Gardens and Health

When we retired and moved to Point Reyes 18 years ago, I finally found the time and energy to indulge a life-long passion for gardening, beginning with a landscape plan for our new home on the Inverness Ridge.  I joined the Marin Master Gardeners program and was astonished at all I learned and could incorporate in my new garden.  From bare dirt or mud (depending on the season), rocks and tree stumps, I created a serene, shady garden we enjoy year round, an accomplishment in which I take some pride.  And that, I am positive, has contributed to my healthy aging.  But in addition to a sense of accomplishment, I’ve learned that gardening assists healthy aging in many ways.


Recent research demonstrates what we can know intuitively:  that working in your garden is good for you; that visiting parks and gardens is both inspirational and relaxing, even to the casual observer.  I’ve found that friendship among gardeners works in ways to help me become a better gardener (we learn from each other), and reinforces the value of my expenditure of time and effort in the garden.  Even apartment dwelling gardeners can benefit from a few flowering containers on a deck; or a fern or two indoors.  And, never forget the pleasure from a bouquet of fresh flowers, from your own garden or the market.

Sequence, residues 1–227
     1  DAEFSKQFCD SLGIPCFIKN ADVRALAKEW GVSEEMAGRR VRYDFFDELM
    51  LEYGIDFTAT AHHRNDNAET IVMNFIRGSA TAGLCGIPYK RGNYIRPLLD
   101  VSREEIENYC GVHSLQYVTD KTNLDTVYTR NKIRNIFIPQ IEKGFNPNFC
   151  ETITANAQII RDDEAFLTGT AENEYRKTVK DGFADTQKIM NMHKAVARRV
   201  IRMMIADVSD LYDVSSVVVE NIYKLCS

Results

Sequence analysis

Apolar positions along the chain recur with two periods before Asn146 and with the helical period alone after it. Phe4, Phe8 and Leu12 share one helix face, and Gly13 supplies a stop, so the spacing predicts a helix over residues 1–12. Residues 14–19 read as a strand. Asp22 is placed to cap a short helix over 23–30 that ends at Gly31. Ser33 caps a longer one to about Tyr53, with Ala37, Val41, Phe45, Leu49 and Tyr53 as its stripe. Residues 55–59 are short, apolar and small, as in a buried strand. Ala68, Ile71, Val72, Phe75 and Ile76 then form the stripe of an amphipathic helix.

Here is a brief synopsis of a few health benefits of gardening:

Stress Relief:  Our complex, multi-faceted lives require simultaneous concentration on many things at once, often leading to attention fatigue, which is exhausting and stressful. The more mundane activities of gardening, often repetitive, require involuntary attention, which is actually beneficial and relaxing.

Better Mental Health:  In a Norwegian study, gardening significantly improved depression symptoms.  Creating, or finding, a quiet place in a garden for contemplation and rest is always beneficial.

Exercise:  Outdoor activity in fresh air and sunshine keeps one’s blood moving, boosting circulation.  The repetitive tasks of gardening require modest strength and frequent stretching, both good, low-impact exercise, especially in older persons.  Persons who garden for exercise are more likely to stick with it than with gym-type exercise routines.

Brain Health:  Some research suggests the physical activity of gardening can lower the risk of developing dementia.  Two studies followed people in their 60s and 70s for up to sixteen years and found that those who gardened regularly had, respectively, a 36% and 47% lower risk of dementia than non-gardeners.

Nutrition:  The food we grow will always be fresher and more nutritious than the food we buy.